Teachers will be able to better manage their online presence using special guidelines developed for educators, a Northland principal says.
"There's a climate out there for secondary teachers to be involved with their students 24 hours a day," Hora Hora Primary School principal Pat Newman said.
"What often happens is that things that start off quite innocently can get people into trouble, not in an illegal way ... but maybe because it may not have been appropriate."
A website on social media use for teachers, pupils and parents was launched yesterday by the New Zealand Teachers Council.
Users are provided with guidelines for appropriate use of sites such as Facebook and Twitter.
Information includes potential ethical dilemmas which may arise for schools, individual teachers, students and parents through social media.
Mr Newman said an increasing number of complaints regarding social media and students had led to the development of the guidelines.
Council director Dr Peter Lind said teachers needed to know how to protect themselves while using social media to enhance interaction and student learning. They were also expected to be role models for students.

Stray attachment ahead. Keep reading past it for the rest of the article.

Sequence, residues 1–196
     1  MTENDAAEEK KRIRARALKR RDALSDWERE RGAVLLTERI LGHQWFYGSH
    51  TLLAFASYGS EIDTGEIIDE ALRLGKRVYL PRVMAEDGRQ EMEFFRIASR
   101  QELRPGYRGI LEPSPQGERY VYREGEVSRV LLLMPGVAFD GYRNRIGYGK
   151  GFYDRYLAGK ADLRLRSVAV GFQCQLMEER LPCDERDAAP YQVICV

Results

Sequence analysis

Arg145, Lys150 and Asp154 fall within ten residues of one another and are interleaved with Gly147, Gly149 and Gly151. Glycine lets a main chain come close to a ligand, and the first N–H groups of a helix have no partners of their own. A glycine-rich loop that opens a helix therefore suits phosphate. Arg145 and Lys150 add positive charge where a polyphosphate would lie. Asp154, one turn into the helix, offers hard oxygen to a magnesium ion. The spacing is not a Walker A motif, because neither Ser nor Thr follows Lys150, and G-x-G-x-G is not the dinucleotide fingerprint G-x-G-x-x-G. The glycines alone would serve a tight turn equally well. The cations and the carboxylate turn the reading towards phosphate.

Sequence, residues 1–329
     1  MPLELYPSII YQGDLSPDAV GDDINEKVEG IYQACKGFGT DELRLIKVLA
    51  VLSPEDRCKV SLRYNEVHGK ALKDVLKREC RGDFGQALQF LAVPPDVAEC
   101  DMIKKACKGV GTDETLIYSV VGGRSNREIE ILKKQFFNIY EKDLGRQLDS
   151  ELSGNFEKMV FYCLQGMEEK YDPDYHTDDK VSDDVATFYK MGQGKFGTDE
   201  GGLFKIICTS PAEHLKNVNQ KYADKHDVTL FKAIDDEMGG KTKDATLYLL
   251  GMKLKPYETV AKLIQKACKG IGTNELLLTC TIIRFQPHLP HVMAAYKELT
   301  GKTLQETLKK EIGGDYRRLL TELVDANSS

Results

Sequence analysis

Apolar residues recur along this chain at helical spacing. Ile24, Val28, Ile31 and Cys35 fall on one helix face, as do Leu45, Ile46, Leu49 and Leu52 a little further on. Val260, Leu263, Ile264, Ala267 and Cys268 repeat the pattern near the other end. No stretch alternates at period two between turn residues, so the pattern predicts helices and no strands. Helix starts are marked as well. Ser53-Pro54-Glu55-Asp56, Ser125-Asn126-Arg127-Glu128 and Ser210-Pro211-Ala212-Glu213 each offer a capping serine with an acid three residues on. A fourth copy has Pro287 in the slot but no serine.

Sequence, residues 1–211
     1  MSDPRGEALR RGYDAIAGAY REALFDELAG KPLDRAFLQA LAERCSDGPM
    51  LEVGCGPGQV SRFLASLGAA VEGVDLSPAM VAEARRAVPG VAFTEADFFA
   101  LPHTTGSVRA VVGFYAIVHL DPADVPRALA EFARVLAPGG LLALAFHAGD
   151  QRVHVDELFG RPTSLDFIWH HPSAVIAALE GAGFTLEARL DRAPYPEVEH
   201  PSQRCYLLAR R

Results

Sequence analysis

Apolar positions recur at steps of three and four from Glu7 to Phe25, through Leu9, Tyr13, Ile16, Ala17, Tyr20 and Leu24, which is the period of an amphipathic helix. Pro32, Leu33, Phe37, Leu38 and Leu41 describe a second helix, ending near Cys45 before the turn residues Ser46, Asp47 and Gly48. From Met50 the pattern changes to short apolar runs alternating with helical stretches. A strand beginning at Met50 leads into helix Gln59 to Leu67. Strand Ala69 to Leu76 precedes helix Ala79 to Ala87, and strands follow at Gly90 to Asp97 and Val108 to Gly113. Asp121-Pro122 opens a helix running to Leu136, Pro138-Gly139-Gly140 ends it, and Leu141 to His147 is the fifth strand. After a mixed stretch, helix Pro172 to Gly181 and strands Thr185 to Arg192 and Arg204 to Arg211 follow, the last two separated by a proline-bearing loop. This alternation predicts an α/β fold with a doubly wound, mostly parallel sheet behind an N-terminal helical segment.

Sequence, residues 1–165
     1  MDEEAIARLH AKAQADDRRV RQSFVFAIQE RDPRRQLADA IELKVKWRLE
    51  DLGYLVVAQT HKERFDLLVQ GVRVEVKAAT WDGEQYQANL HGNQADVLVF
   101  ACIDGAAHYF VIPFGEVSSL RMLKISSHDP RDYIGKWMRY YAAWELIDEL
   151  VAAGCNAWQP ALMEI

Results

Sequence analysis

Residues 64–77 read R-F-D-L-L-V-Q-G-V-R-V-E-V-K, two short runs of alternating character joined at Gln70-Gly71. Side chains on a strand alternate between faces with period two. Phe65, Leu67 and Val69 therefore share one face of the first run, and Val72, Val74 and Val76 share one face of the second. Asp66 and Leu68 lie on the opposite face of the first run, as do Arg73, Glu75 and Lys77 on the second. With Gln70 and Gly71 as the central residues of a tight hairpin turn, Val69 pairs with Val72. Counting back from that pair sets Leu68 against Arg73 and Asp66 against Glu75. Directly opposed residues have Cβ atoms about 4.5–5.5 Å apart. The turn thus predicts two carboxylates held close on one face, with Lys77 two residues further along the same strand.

"We know that social media is a fact of life. Strong role-modelling by teachers will grow learners who understand the implications of their actions online," he said.
Dr Lind hoped the policy would have particular benefits for teenage students.
"We know that a significant number of young secondary students start to disengage from their learning.
"They come to school as 5-year-olds, bright eyed and bushy tailed and ready to learn but things happen over the course of their growing up," he said.
Though they have huge potential as education resources, networking sites such as Facebook have also been linked to proliferating incidents of cyber-bullying by school children.